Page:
PL EN


2005 | 54 | 1 | 45-62
Article title

THE MYTH OF PETERSBURG IN THE ÉMIGRÉ POETRY OF JOSEPH BRODSKY

Authors
Title variants
Languages of publication
PL
Abstracts
EN
The article aims at a discussion of the myth of Petersburg in the émigré poetry of Joseph Brodsky. On reflecting upon the complex semantics of the capital city of Russia, the authoress focuses her attention on the vision of Petersburg presented in Brodsky's 'American' poems 'Kolybel'naya Treskovogo Mysa' (1975) and 'Razvivaya Platona' (1976). The results of the analysis comfirms the profound influence the city on the Neva exerts upon the poet's imagination; he appears as a creator of an original literary myth of Petersburg. This peculiarity of Russia's capital city - Petersburg's capacity to inspire texts about itself - affects Brodsky's perception of other cities and countries. Thus, the authoress intents to demonstrate that the vision of the city in the two 'American' poems might be interpreted as a certain specific myth which explains a whole range of the exile's poetical representations of the lost Home and Homeland in the context of a 'change of empire' (peremena imperii).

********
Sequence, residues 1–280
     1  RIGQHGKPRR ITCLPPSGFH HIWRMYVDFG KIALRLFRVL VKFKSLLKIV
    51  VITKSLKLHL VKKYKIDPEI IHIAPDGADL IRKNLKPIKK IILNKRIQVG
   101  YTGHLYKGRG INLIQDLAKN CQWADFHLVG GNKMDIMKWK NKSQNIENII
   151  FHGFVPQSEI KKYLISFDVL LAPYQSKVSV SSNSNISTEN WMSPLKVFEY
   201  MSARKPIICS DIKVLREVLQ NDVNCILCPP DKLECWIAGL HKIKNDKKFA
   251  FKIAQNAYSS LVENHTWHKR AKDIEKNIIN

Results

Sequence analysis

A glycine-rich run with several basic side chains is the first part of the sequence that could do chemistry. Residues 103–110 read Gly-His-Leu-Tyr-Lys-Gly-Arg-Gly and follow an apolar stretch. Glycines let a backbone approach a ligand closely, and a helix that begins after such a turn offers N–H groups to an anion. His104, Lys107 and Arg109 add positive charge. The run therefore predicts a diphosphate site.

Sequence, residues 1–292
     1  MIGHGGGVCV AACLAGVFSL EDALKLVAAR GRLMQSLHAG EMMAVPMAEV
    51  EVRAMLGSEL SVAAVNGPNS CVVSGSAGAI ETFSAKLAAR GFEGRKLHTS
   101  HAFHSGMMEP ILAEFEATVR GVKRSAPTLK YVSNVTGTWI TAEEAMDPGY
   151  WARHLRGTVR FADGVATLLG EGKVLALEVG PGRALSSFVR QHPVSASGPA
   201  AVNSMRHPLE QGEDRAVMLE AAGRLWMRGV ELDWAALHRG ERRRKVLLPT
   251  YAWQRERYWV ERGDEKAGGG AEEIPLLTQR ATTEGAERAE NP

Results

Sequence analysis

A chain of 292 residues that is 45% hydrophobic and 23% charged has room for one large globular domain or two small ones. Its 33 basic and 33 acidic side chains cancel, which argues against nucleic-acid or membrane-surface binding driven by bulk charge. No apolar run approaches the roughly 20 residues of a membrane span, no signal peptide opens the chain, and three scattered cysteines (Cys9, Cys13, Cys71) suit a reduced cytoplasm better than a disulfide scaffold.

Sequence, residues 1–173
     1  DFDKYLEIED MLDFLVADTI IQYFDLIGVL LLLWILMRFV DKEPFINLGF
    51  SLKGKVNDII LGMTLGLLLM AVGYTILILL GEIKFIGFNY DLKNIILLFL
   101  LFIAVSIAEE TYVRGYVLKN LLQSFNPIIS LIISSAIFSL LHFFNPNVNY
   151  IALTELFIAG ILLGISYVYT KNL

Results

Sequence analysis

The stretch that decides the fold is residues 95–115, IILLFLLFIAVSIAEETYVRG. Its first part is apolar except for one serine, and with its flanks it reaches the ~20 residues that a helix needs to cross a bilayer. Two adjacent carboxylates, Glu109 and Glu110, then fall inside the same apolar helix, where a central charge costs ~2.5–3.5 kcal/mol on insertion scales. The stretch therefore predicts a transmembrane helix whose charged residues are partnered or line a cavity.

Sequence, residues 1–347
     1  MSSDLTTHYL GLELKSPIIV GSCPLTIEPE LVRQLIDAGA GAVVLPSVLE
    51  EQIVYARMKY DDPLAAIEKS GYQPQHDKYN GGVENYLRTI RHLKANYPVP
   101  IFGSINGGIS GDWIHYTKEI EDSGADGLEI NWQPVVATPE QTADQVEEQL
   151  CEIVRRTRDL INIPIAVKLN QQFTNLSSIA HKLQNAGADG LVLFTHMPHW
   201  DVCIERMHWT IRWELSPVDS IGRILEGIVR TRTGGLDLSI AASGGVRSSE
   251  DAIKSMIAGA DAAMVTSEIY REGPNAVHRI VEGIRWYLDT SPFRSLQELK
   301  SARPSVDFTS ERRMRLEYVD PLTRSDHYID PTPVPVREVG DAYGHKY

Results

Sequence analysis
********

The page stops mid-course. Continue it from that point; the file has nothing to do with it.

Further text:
Year
Volume
54
Issue
1
Pages
45-62
Physical description
Document type
ARTICLE
Contributors
author
  • J. Tarkowska, Uniwersytet Marii Curie-Sklodowskiej w Lublinie, Instytut Filologii Slowianskiej, Zaklad Literatury i Kultury Rosyjskiej XX-XXI wieku, pl. Marii Curie-Sklodowskiej 4, 20-035 Lublin, Poland
References
Document Type
Publication order reference
Identifiers
CEJSH db identifier
05PLAAAA0026572
YADDA identifier
bwmeta1.element.5cfa7f78-72f3-39d0-b2f7-a64c5ac47831
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